DW Plays Role in Victory for the Hershey Company

DW Plays Role in Victory for the Hershey Company

1/7/2009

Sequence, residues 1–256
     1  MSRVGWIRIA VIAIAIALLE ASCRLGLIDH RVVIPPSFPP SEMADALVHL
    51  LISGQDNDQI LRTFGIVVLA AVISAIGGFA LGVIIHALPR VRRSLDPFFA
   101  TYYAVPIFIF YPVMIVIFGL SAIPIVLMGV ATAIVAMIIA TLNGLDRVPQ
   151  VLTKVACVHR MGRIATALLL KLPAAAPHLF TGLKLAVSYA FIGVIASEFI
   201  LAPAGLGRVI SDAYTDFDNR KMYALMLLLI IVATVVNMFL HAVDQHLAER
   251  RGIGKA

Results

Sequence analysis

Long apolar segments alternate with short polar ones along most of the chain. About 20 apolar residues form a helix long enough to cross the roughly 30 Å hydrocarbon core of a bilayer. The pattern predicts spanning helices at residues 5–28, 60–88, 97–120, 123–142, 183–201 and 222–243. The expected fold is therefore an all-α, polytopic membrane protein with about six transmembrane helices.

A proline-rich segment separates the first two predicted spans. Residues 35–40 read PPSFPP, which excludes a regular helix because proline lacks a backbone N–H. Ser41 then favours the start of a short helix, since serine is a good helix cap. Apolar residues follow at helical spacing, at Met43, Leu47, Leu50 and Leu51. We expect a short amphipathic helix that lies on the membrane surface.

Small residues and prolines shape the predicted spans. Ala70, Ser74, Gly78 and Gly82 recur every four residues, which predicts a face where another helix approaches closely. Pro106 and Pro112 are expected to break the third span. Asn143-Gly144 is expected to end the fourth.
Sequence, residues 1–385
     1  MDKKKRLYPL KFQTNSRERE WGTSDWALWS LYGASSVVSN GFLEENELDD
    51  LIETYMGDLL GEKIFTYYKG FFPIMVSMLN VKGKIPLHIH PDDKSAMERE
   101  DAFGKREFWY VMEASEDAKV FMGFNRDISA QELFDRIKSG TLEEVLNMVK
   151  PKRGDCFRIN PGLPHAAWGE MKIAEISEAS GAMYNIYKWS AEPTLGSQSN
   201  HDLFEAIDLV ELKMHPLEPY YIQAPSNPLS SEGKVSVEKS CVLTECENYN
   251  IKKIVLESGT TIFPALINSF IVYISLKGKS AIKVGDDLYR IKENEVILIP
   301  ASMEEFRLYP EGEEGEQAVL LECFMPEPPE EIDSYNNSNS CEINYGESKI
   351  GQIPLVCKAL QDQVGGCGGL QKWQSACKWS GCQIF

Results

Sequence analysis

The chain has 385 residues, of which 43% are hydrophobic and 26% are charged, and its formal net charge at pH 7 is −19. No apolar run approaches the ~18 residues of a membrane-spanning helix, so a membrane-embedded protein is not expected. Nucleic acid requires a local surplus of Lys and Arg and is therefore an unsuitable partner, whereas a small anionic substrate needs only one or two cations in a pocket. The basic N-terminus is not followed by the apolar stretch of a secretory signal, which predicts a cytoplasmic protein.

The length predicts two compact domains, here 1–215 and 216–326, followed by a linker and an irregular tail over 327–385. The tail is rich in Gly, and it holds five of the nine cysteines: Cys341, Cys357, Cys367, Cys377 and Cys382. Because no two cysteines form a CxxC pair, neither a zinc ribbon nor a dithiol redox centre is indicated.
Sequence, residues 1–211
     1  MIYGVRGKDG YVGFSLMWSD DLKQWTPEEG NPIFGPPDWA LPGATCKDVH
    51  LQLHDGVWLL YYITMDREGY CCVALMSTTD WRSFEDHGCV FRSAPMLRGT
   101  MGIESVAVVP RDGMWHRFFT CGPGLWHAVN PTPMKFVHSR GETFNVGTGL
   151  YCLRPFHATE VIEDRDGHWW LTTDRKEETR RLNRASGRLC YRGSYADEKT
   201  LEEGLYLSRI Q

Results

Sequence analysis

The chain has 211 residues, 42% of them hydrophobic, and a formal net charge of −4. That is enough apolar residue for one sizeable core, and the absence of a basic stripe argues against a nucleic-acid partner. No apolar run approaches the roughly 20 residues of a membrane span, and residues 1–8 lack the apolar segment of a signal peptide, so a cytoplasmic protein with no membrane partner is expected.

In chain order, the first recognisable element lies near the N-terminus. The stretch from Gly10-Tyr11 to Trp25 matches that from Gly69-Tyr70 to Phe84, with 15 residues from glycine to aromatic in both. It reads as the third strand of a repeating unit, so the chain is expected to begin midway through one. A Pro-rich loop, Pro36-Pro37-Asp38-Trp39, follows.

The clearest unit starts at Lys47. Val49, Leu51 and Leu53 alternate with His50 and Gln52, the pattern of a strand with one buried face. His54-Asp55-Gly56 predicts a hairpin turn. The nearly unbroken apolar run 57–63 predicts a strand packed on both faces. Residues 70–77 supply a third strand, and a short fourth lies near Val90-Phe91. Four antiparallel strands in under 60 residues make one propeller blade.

By: Frank R. Ortiz Dickinson Wright attorneys Frank R. Ortiz, and Jason R. Klingensmith, recently obtained a significant victory for The Hershey Company, when a federal court in Detroit blocked furniture retailer Art Van Furniture from using a "couch in a candy wrapper" design to promote its business. Art Van sponsored a promotion that gave visitors to its web site the opportunity to select a new design for the company's furniture delivery trucks. Among the designs offered was a chocolate brown sofa emerging from a candy bar wrapper bearing "Art Van" in plain block letters. The original design used a dark brown wrapper with exposed foil ends. Art Van changed the color to red after Hershey challenged the design. On behalf of Hershey, Dickinson Wright filed a complaint and an emergency motion for a temporary restraining order and preliminary injunction on October 21, 2008 alleging trademark infringement, false association, sponsorship and approval, trademark dilution by blurring, unfair competition, and common law conversion. On October 24, U.S. District Judge Victoria Roberts enjoined the use of the offending design, finding that Hershey was likely to succeed on its claim that Art Van's use of the candy wrapper device diluted the distinctive value of Hershey's famous brown and silver foil candy wrapper design. Unlike trademark infringement, dilution by blurring does not require a showing of a likelihood of consumer confusion in the marketplace, but "exists to protect the quasi-property rights a holder has in maintaining the integrity and distinctiveness of his mark." Dilution by blurring occurs when the defendant makes commercial use of the plaintiff's famous mark or a modification of it, thus impairing the mark's distinctiveness and ability to serve as a unique identifier of the plaintiff's products. In order to establish its claim of dilution by blurring, Hershey was required to prove the following five elements - the senior mark must be: (1) famous and (2) distinctive; (3) use of the junior mark must be in commerce; (4) have begun subsequent to the senior mark becoming famous; and (5) be likely to cause dilution of the distinctive quality of the senior mark. Only the last factor was in real controversy. To resolve this dispute the court applied the six criteria set forth in the Trademark Dilution Revision Act of 2006 ("TDRA")(1). The court found that factors two through four were easily met. The court concluded that the Art Van couch bar design was similar (factor 1) to the packaging of Hershey's products (including a dark chocolate bar with a red label) and that Art Van intended to create an association with the Hershey's mark (factor 5), but it was less clear whether such an association had in fact been made (factor 6). Nevertheless, the court found that Hershey demonstrated a likelihood of succeeding on its dilution by blurring claim and enjoined Art Van from using the couch bar design. The court also rejected Art Van's "parody defense," finding that Art Van was not attempting to comment on Hershey's mark but was instead essentially commercially exploiting it. _______________________________________________________________ (1.)The TDRA provides that, in determining whether or not dilution by blurring is likely, all relevant factors should be considered, including the following: (i) The degree of similarity between the mark or trade name and the famous mark; (ii) The degree of inherent or acquired distinctiveness of the famous mark; (iii) The extent to which the owner of the famous mark is engaging in substantially exclusive use of the mark; (iv) The degree of recognition of the famous mark; (v) Whether the user of the mark or trade name intended to create an association with the famous mark; (vi) Any actual association between the mark or trade name and the famous mark.
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